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My greatest thrill came when our annual holiday to Folkestone in August coincided with the traditional Cricket Week. My parents would deposit me at the Cheriton Ground around ten o’clock in the morning and went off for a day of beach, bingo and Bobby’s shopping, allowing me to indulge in my busman’s holiday of scoring every ball of both matches and haring after Cowdrey, Knott and Underwood for their autographs as they left the field at lunch, tea and close. It was an era when, aside from newspaper photographs and occasionally black and white television coverage, we only saw our sporting idols “in the flesh” – yet they were more accessible for that.

Of course, I was playing cricket too at school, on both playground concrete and playing field grass. At Glencoe Road primary school I was the proud custodian of the chalk required to repaint the wicket on the wall at each break, lunchtime and long after the bell sounded to send us home. The only spectator sport that could compare were the regular fights outside the school gates at home time.

Although, unlike football, we did not play against other schools, I opened the batting in games at the Maidstone Road recreation ground in Chatham. My finest cricketing hour in those pre-eleven plus days was, however, imbued with tragedy when having, like Hutton at the Oval in 1948, carried my bat in a pathetically low team total, I arrived home to be informed by my mother that my pet dog, Patch, had been put down. I suppose the events of that afternoon taught me the value of treating those “twin imposters” of triumph and disaster equally.

Moving to Sir Joseph Williamson’s Mathematical School I was converted in my first year from an opening bat into a medium quick (for a twelve year old) bowler with a capacity for late swing – an pubescent Jimmy Anderson if you like. After flirting with the styles of Fred Trueman, Wes Hall and the mercurial Alan Brown, I began to model both my bowling action and fielding demeanour, if not my batting, which suffered in the process, on the mighty John Shepherd (though there was still the occasional Wes Hall whirl of the arms for variety).

My school had always been strong at cricket, competing successfully with teams from the Judd School, Skinner’s, King’s School Rochester and Dartford and Maidstone Grammar Schools to name but a few. At under twelve, thirteen, fourteen and fifteen levels I was a prolific wicket taker, with regular six and seven wicket hauls. My proudest moment, and I suspect my father’s too, was when he slipped away from work early in London one evening to watch me play for the under fourteens against Chatham South Technical School. I took eight wickets for three runs in eight overs and we won by ten wickets. I don’t recall him coming again – perhaps he just wanted to cherish that moment always.

The most publicly acclaimed performance was seven for fifteen against Faversham Grammar School. The school headmaster, a fine club cricketer himself for, I believe, Linton Park, who umpired a number of the age group games, announced at the school assembly on the following Monday morning that my spell had been the finest he had ever witnessed by a schoolboy of my age.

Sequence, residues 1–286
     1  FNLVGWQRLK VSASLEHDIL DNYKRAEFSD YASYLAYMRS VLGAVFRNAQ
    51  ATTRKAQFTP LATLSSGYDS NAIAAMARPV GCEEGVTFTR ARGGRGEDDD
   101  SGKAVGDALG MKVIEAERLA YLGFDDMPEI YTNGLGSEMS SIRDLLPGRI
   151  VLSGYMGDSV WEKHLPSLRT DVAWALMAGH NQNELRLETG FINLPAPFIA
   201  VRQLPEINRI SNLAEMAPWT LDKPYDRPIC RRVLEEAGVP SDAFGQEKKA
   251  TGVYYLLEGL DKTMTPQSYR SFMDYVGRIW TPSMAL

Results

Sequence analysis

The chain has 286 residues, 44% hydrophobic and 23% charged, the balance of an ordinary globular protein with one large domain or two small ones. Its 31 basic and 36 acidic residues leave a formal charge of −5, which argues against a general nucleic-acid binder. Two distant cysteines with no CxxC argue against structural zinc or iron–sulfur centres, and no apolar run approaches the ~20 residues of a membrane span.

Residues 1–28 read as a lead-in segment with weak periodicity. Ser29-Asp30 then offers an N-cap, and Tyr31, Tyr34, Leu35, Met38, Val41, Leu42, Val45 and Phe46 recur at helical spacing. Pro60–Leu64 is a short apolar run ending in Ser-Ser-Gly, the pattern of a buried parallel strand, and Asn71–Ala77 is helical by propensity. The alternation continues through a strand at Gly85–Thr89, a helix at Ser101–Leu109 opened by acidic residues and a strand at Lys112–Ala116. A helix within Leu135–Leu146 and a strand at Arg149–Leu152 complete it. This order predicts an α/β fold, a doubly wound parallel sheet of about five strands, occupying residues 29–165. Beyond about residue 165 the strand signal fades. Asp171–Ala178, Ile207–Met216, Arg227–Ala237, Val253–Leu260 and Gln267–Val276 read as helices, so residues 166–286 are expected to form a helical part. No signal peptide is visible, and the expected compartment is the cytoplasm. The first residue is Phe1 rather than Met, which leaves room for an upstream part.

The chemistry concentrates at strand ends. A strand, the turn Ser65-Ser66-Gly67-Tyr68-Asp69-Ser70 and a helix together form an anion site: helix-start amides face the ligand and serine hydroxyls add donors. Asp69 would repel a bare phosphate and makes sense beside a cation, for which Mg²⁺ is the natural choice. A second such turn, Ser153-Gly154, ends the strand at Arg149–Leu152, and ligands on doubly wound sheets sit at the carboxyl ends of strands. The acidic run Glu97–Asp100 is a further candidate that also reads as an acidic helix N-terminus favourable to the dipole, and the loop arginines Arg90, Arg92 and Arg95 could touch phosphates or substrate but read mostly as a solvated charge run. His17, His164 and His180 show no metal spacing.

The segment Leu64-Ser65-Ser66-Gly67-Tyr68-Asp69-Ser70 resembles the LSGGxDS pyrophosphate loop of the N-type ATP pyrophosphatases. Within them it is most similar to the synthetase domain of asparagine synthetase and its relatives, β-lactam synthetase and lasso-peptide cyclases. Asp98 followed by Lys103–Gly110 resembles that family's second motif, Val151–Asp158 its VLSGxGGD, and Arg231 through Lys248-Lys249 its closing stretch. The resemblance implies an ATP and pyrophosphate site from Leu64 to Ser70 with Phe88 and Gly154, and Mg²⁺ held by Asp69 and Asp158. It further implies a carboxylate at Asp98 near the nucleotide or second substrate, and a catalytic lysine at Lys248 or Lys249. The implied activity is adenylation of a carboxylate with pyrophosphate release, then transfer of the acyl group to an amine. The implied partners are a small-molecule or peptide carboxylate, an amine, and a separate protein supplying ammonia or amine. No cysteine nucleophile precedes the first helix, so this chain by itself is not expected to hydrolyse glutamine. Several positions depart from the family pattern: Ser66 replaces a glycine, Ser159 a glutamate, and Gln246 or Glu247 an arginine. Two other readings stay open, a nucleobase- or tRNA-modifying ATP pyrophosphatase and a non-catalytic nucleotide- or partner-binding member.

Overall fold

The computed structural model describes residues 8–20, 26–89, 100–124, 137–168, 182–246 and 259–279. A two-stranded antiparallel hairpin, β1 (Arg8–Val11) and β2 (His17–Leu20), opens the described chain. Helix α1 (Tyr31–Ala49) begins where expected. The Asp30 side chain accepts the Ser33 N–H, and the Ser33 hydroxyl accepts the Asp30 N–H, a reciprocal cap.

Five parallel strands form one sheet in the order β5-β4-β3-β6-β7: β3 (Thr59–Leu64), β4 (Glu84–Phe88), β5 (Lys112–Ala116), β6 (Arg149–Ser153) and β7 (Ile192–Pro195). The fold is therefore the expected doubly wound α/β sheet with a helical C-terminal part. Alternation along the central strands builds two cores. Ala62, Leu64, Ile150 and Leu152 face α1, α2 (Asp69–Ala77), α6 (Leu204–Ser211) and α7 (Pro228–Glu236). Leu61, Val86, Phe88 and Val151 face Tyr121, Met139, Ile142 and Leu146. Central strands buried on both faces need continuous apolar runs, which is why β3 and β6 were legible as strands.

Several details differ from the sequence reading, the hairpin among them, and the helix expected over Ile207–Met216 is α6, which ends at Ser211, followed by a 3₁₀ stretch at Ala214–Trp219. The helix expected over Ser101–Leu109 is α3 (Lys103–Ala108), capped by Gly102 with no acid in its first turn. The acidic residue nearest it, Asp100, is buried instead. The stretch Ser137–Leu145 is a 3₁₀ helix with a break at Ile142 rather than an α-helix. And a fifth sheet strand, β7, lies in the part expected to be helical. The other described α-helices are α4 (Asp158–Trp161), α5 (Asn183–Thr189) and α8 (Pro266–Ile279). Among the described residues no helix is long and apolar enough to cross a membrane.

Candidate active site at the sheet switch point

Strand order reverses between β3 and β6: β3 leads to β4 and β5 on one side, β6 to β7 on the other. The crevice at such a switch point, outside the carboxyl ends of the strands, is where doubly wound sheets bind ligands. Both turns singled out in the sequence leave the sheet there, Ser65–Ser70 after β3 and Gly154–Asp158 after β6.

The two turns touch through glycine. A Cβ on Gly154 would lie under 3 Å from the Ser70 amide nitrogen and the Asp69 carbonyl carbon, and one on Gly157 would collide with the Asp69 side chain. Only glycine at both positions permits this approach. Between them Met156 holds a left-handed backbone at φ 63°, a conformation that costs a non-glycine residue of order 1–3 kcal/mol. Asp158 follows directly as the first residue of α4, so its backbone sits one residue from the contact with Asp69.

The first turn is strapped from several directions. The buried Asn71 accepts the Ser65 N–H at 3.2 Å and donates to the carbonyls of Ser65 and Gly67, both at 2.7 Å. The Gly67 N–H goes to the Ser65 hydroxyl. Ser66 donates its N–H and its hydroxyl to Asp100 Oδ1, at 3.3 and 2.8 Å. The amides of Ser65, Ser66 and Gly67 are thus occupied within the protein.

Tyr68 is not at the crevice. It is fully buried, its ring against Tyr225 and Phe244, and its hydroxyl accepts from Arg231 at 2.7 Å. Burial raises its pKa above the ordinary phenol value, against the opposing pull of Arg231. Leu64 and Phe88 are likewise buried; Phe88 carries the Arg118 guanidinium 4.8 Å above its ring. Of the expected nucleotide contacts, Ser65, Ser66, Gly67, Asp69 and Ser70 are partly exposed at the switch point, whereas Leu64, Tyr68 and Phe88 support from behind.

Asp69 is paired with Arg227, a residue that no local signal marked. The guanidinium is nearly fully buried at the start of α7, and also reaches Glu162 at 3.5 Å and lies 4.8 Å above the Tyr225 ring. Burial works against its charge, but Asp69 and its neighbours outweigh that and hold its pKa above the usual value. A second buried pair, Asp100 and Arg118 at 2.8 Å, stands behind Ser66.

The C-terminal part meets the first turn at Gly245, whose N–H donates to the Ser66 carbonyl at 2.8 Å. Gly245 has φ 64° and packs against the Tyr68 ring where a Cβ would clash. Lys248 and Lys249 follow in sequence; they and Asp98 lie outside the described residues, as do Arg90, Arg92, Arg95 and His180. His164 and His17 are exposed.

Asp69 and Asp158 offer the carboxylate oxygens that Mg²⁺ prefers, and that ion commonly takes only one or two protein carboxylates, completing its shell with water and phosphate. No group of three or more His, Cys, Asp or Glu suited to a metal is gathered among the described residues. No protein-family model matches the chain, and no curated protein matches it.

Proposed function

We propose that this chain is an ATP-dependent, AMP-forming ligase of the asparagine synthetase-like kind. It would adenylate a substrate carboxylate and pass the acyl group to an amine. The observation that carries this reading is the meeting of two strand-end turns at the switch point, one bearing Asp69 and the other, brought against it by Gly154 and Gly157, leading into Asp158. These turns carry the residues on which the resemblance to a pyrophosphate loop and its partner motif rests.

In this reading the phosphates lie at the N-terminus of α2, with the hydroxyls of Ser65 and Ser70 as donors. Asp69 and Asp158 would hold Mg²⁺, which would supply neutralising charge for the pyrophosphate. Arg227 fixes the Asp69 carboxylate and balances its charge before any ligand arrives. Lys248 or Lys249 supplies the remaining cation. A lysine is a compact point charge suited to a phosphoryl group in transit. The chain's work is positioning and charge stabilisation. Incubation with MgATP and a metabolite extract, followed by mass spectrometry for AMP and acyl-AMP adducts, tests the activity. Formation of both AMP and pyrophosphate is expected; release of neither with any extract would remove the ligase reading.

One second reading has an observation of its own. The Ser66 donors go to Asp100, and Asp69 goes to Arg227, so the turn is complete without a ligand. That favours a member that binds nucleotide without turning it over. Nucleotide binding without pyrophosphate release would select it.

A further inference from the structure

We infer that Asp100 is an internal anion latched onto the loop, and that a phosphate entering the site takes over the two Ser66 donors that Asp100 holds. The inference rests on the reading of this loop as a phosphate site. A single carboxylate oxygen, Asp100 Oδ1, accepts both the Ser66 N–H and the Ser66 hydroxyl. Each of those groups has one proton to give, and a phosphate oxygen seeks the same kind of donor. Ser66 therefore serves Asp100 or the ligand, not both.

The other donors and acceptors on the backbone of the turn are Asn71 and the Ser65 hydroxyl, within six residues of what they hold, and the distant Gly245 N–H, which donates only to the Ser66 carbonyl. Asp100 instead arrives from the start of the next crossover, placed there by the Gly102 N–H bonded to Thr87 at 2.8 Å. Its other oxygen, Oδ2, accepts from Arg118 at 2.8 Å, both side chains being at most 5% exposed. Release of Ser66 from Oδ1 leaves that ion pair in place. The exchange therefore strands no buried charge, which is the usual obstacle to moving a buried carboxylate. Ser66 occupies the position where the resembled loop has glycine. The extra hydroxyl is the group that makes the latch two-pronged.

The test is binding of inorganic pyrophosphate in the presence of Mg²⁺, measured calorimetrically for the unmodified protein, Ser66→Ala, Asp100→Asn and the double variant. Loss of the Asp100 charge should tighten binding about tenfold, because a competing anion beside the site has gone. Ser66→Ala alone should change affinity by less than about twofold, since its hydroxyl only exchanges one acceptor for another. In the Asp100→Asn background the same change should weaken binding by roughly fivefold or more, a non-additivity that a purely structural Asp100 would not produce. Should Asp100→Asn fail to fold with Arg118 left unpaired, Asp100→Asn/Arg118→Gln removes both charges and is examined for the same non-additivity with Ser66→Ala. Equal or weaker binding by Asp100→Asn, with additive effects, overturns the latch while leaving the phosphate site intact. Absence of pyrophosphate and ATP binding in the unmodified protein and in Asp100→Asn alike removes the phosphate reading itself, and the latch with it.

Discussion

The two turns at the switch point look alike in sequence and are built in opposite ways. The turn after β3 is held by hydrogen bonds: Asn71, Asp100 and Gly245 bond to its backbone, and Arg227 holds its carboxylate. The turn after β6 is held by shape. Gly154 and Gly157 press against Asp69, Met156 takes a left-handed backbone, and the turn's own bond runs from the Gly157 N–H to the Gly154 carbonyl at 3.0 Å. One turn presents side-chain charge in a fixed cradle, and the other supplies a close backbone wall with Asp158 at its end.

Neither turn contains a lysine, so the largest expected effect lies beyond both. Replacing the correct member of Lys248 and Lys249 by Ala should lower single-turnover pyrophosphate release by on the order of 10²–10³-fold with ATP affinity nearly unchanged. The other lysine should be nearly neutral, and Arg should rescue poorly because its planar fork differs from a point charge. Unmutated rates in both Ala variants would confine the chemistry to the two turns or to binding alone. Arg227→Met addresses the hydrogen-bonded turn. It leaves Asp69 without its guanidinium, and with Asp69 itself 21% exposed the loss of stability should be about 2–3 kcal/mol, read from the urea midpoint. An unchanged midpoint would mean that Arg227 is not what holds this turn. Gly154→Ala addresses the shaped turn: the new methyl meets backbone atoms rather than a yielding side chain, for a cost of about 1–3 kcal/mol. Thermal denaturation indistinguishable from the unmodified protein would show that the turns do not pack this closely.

My exploits caught the eye of the Kent under fifteen selectors and I played in a handful of trial games, including the final eliminator for the county team. Playing for East against West Kent, I chose that match, however, to misplace my customary accuracy and spray the ball continually down the leg side of Graham Clinton who, when he managed to reach it, clipped it to fine leg for four. He made the Kent team, and forged a strong county career – I did not.

But I didn’t fade into cricketing obscurity – yet. In the second of three years in the First XI at “the Math” I took forty nine wickets, falling just three short of the all-time record. I followed this with a couple of highly successful seasons at university, and subsequently – albeit briefly – played at a decent level in both Yorkshire club cricket and around south east London in the late seventies and early eighties, where, oddly, I reverted to being a middle order batsman who bowled a little.

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My playing is now limited to fielding the occasional ball on the boundary at the St Lawrence or Nevill Ground, and the beach (I recommend Sunny Sands in Folkestone and Viking Bay at Broadstairs). I wonder too if I’m alone in strolling around the ground in the breaks between innings or along the seashore in the hope of being called upon to pouch a skier or pounce on a straight drive from one of the ever diminishing number of impromptu games.

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This is where east meets west,
Dover Road and Augusta Gardens;
Where DFLs mix with Folky born and breds,
Cold war adjourned for one warm afternoon.

Tram Road traffic crawls and curls
Around a heaving Harbour Street,
Affording passengers an extended view
Of much loved, yet loathed, Grand Burstin.

A brisk breeze, cooling the searing sun,
Sweeps champagne flutes to a watery end
In the chastening Channel spray
That laps the lighthouse;
Proof that, sometimes, weather
Can be a first to place and time.

Sinatra’s call to Come Fly with Me
Gives way to the eclectic sounds
That entertain the growing queues
For Sole Kitchen and Hog and Hop.
While the Native Oyster Band
Has the crowds singing and swaying,
Kadialy Kouyate’s kora mesmerises,
Bringing the authentic sounds of
New Orleans and Senegal to
This English coastal paradise.

Children build bricks to knock them down,
Dash between Baba Ji and Pick Up Pintxos
Or search for the iron man in the water,
(Don’t worry, kids, he will be back!).


But if the heat and tumult are too much
And it is peace you pine for,
Retire inside to the Mole Cafe
For a mug of strong, hot tea